Cooling Off Nixon's Mine

Cooling Off: Dredge III Mine

The Prospect has continued to ask questions about the Forest Service removal of the people and structures from Dredge III mine, also known locally as Jack Nixon’s mine.

It continues to be a kind of dis-orienting tale, as though the object of it were viewed through two different, distinct lenses.

First, there is the raft of confused, dutiful bureaucrats. The Prospect has spoken to County staff, including law enforcement involved, and for them, this was a no-brainer. The landowner, meaning the Forest Service, was responsible for cleaning the problem up. Tom Quinn indicated that County Health staff had been to the site, had found violations, and had written reports, including letters identifying the Forest Service as the lead agency in cleaning up the violations. The violations were well known. Even the state Mining and Geology Board had identified the site, and given Sierra County notice to take charge of the situation or lose lead agency status on the cleanup. For more on the SMGB go here

Law enforcement also wondered what the problem was. It was a routine evacuation, the residents had been told they were going to be moved. There was the potential for a "homeless camp" there, and two of the people moved weren’t even there when Jack Nixon was care-taking. Eventually word would have gotten around and no telling how many squatters would have moved in.

Forest Service staff, including some recently transferred, had been working since 2007 on the cleanup. When Tom Quinn came in 2008, it was being handled in the field. He might well be correct that his knowledge of the mine dated back to a Sierra County health department letter asking about the progress of the cleanup.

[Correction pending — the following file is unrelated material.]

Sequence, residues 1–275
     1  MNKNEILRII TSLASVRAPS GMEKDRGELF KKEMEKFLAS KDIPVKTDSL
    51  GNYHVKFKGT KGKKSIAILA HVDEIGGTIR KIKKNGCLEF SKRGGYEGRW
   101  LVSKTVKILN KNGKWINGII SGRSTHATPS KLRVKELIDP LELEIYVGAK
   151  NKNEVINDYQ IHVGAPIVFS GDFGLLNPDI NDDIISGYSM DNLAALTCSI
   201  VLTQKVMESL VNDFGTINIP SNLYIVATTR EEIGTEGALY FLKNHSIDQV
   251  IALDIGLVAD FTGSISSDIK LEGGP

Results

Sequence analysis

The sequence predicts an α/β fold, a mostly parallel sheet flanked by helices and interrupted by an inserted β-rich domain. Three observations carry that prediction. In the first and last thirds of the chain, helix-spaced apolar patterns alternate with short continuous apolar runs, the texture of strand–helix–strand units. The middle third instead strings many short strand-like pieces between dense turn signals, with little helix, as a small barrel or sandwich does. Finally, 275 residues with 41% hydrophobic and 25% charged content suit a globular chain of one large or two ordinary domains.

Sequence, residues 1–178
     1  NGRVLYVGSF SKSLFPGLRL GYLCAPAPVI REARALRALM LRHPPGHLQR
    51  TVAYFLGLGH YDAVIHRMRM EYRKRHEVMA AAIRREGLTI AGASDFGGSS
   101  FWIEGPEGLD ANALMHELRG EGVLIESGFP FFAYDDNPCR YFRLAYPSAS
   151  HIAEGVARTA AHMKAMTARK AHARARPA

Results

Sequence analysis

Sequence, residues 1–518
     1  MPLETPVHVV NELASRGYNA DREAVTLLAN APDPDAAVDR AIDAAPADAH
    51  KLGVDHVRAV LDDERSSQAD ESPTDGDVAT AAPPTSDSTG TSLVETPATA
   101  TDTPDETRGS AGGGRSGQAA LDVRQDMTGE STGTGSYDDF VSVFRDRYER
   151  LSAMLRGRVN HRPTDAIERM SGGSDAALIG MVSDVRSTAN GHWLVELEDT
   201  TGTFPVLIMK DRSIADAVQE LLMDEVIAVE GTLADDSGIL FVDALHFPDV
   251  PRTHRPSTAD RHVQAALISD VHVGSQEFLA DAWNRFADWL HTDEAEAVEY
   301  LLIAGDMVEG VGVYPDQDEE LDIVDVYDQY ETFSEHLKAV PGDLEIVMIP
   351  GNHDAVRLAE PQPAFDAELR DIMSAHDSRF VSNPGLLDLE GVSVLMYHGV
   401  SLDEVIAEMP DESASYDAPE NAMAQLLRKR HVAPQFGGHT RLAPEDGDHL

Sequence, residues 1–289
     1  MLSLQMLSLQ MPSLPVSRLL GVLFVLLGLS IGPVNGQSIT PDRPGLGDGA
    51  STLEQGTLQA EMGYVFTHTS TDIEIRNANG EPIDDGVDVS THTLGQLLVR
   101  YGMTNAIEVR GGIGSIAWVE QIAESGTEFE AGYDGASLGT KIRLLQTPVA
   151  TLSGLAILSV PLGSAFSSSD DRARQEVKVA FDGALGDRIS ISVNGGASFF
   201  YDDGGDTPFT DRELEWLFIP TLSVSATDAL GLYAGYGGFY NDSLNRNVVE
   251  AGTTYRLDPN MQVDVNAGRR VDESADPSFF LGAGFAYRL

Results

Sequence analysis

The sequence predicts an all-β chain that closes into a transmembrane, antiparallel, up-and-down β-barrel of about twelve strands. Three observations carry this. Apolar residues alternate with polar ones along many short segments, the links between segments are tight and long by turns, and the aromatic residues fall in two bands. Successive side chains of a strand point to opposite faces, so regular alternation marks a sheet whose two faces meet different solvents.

Straight along, our good and dutiful public servants at every level have patiently explained about the lack of permits, the sewage running on the ground, the electrical hazards, and the hazard material and trash.

The problem is, what permits? Miners were living on property to mine. That used to be encouraged, in fact, up until 1994 it was possible to "patent" a mining claim and do what you liked with the land after that. Those days are long gone, and the Forest Service was not going to apply for permits to put in a septic system for Don Wilson.

That leads to the second view.

There is the view of locals, particularly old timers, and especially miners, that people who are working the land for minerals need to be left alone. Nobody is building big houses, nobody is building equity. If you haven’t noticed, there’s been a shortage of trucks hauling gold bullion out of the county lately. Mining these days is hard-scrabble work. Few miners can live on what they make, particularly old miners.

What is going to happen to these people and those who come after them? Society doesn’t need them, doesn’t have a place for them, and won’t even let them live a hard life in the hills. If the public can’t live on public land, where can they go?  What can we do to prevent any more miners from being moved off their claim/long term residence.

We have questions in to the forest service on these issues; they’ve been forwarded to "Headquarters."

If Headquarters answers, providing their answer isn’t a squad of Forest Service swat troops, we’ll let readers know what they are.

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